An intelligent custodial solution delivered by ISM

December 8, 2021


Stephen Smith, Director at ISM explains how prisons can utilise technology to boost efficiency and reduce reoffending rates.

With escalating populations and high reoffending rates, the need for alternative solutions in prisons and wider custodial environments is critical.

Not only can access to learning materials and continued education accelerate prisoner development rates and keep them motivated, this can create a safer environment for inmates and staff which is much more conducive to reducing reoffending rates. A reduced prisoner population positively contributes to driving down costs as well as controlling risks and society as a whole.

The custodial landscape

There have been two major challenges within the custodial market over the last 18 months: COVID-19 and staff shortages – both have brought different issues into sharp focus. With in-person visits banned during lockdown, to provide prisoners with face-to-face communication with friends and family, video calls have had to be used.

An increased number of prisoner movements are required for visits utilising video calling – this has placed additional pressures on the prison service which is already stretched as a result of staff shortages due to the pandemic. What is also surprising is the sheer number of manual actions still required by prison staff, including the issuing and collecting of paper forms and the need for these to be processed correctly. Like in many environments, reduced resources under pressure often leads to data input errors and mistakes are commonplace.

Repeat offending rates are still climbing in England and Wales which now has one of the highest percentages of recidivism globally, with 59% of adults reconvicted within one year of being released (72% within five years). The climbing costs and growing prison numbers are stifling and, without reform, will continue to be a major burden on the public purse. Compared to other countries such as Norway, there needs to be a change to stem this destructive cycle.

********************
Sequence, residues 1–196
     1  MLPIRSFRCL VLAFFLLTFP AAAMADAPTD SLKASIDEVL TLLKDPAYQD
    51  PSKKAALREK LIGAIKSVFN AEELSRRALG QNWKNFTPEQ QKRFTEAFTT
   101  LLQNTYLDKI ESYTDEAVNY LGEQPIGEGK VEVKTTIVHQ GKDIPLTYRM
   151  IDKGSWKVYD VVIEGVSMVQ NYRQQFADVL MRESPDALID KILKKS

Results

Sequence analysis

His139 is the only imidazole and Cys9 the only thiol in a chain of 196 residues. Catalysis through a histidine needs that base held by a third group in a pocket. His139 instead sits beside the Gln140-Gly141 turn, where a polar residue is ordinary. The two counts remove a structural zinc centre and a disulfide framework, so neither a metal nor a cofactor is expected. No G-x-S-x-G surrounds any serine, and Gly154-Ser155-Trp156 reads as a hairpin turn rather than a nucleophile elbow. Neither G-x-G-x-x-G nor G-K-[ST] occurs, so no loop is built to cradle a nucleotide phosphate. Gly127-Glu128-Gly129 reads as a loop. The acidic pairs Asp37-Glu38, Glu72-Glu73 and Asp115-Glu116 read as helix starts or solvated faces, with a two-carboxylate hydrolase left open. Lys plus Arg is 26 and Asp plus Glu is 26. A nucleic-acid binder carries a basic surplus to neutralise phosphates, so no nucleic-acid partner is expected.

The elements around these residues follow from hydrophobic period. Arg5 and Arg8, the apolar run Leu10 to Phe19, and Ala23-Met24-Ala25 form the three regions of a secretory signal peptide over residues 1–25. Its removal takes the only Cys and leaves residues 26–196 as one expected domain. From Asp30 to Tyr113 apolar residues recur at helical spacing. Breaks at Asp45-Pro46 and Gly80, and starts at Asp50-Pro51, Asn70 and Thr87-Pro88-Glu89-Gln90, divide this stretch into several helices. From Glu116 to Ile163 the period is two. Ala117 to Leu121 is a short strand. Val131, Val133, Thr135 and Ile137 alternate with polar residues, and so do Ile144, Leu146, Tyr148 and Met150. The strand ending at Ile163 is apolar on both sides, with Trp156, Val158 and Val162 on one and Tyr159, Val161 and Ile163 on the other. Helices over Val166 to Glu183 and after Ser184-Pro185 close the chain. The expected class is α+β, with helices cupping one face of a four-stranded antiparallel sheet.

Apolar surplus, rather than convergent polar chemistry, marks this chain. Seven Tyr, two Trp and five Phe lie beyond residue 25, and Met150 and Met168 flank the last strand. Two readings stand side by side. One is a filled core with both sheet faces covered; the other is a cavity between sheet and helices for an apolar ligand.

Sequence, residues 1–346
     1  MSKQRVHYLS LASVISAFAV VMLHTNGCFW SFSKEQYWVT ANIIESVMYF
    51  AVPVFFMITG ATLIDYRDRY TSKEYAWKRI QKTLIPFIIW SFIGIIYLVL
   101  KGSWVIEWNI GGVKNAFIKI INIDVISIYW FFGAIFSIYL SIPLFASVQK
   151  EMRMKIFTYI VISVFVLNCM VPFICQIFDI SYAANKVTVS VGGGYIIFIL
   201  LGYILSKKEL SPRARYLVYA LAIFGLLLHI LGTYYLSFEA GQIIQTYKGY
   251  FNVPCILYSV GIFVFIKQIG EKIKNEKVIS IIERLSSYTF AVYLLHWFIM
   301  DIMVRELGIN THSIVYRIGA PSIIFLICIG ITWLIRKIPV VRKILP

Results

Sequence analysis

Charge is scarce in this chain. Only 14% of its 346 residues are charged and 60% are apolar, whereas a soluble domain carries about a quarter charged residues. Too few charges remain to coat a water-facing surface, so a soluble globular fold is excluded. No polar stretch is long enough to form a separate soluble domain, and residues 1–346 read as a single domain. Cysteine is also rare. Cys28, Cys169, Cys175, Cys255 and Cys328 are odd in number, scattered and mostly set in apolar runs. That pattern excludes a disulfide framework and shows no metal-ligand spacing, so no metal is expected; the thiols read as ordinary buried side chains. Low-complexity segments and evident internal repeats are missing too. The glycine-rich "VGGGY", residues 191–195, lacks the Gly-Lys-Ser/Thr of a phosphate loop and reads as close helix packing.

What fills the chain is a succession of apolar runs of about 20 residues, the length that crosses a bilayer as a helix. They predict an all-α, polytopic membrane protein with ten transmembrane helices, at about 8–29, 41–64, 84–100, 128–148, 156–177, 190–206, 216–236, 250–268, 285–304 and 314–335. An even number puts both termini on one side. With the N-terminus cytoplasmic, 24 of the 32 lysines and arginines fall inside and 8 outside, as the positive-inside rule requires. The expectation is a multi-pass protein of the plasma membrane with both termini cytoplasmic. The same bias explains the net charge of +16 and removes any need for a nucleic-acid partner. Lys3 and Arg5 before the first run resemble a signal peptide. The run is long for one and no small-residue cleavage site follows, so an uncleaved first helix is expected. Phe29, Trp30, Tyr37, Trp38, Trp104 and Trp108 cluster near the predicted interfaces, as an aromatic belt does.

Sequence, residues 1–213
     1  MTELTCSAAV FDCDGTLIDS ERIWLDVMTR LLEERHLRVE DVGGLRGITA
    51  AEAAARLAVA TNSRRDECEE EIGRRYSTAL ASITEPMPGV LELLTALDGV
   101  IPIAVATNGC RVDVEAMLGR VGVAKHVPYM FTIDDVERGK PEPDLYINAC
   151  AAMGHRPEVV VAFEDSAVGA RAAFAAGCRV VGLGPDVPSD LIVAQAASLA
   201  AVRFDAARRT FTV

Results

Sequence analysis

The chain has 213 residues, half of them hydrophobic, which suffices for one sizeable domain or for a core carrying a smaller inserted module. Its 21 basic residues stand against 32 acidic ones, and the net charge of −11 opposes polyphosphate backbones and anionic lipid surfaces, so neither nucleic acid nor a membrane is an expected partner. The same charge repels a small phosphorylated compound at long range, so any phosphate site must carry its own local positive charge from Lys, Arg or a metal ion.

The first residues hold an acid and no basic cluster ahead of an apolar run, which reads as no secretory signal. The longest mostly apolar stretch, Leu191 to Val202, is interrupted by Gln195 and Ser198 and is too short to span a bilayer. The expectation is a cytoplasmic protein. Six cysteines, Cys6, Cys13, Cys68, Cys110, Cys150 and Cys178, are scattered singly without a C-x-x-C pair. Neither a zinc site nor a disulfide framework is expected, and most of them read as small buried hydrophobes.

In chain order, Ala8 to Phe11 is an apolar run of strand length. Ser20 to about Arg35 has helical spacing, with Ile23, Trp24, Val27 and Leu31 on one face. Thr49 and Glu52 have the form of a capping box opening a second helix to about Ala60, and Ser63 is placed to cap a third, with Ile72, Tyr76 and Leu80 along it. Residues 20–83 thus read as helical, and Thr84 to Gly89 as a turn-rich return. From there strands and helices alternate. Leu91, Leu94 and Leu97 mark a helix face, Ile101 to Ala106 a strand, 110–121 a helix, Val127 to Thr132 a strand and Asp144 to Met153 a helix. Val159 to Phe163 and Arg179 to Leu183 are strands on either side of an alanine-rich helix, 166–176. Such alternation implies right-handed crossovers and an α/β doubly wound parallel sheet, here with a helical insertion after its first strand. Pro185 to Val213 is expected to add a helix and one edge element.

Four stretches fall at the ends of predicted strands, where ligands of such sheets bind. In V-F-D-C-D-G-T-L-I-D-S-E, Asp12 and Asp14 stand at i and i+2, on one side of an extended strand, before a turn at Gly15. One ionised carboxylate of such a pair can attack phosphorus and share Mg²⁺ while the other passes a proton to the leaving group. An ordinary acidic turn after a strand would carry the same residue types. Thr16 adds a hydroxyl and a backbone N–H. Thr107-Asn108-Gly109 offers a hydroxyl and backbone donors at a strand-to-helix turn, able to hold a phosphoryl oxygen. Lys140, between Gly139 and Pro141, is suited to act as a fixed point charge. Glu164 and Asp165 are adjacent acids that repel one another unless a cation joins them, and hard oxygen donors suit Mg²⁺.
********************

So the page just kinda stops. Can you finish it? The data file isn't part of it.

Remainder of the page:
With all of these situational factors taken into account, the priority of prison reform has to be the utilisation of technology. Providing intelligent app solutions within the cell is the most logical way forward. By ensuring that prisoners have secure communications for video calls, can view work rotas and education resources, interact with entertainment channels, use support telephone lines and access food menu orders for the week, they are able to improve their personal welfare and mental health. These outcomes are beneficial to an environment that helps empower the prisoner to take control of their own future, ultimately resulting in reduced reoffending rates.

These key improvements are secure and also maximise resource efficiencies, in turn, creating further benefits that are seen across the entire prison operation. For example, the kitchen can be better stocked because the staff can ensure that the food selected by the prisoners is correctly ordered and received. Moreover, accessing e-learning in cells through a single portal removes network security issues and the need for network wi-fi expanders whilst empowering each and every prisoner to take charge of their own future.

Security, efficiency and compliance

ISM takes complex problems and simplifies the process, delivering enhancements in the security and safety of all parties. As a specialist in integrated security management solutions and a developer of cell call and intercom systems, ISM has supplied custodial solutions to many prisons within the UK, Europe and the Middle East. By understanding the pressing issues surrounding the criminal justice sector, ISM has developed an innovative, intuitive, robust, functional and cost-effective answer. Our Genesys solution is an application of technology which enables current and future detention facilities to reach new-found levels of security, efficiency and compliance.

Providing an intelligent solution in a cell was a major challenge; once convicted, prisoners enter a world where they have very little control over their own lives. Access to online education is limited and even making calls to friends and family can be challenging. This can lead to a prisoner-institutionalised mindset that struggles to understand a regime that is trying to rehabilitate.